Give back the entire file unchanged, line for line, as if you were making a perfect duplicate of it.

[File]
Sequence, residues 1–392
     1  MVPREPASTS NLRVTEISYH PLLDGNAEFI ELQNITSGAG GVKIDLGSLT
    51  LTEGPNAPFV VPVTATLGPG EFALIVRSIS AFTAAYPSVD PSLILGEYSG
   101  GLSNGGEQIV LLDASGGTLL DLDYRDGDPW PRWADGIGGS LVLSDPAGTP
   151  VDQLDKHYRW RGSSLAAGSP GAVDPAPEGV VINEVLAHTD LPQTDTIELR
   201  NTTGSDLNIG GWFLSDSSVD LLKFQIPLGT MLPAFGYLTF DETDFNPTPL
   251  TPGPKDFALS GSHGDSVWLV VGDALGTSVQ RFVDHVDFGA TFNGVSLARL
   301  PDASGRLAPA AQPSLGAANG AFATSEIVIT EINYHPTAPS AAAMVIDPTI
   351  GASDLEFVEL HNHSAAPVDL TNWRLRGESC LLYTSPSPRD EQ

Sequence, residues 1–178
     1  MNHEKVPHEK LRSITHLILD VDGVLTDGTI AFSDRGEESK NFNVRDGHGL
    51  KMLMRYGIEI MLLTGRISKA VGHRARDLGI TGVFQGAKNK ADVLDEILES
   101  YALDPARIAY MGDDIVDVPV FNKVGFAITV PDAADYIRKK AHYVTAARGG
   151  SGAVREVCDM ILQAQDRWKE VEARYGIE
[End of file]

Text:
Sequence, residues 1–392
     1  MVPREPASTS NLRVTEISYH PLLDGNAEFI ELQNITSGAG GVKIDLGSLT
    51  LTEGPNAPFV VPVTATLGPG EFALIVRSIS AFTAAYPSVD PSLILGEYSG
   101  GLSNGGEQIV LLDASGGTLL DLDYRDGDPW PRWADGIGGS LVLSDPAGTP
   151  VDQLDKHYRW RGSSLAAGSP GAVDPAPEGV VINEVLAHTD LPQTDTIELR
   201  NTTGSDLNIG GWFLSDSSVD LLKFQIPLGT MLPAFGYLTF DETDFNPTPL
   251  TPGPKDFALS GSHGDSVWLV VGDALGTSVQ RFVDHVDFGA TFNGVSLARL
   301  PDASGRLAPA AQPSLGAANG AFATSEIVIT EINYHPTAPS AAAMVIDPTI
   351  GASDLEFVEL HNHSAAPVDL TNWRLRGESC LLYTSPSPRD EQ

Sequence, residues 1–178
     1  MNHEKVPHEK LRSITHLILD VDGVLTDGTI AFSDRGEESK NFNVRDGHGL
    51  KMLMRYGIEI MLLTGRISKA VGHRARDLGI TGVFQGAKNK ADVLDEILES
   101  YALDPARIAY MGDDIVDVPV FNKVGFAITV PDAADYIRKK AHYVTAARGG
   151  SGAVREVCDM ILQAQDRWKE VEARYGIE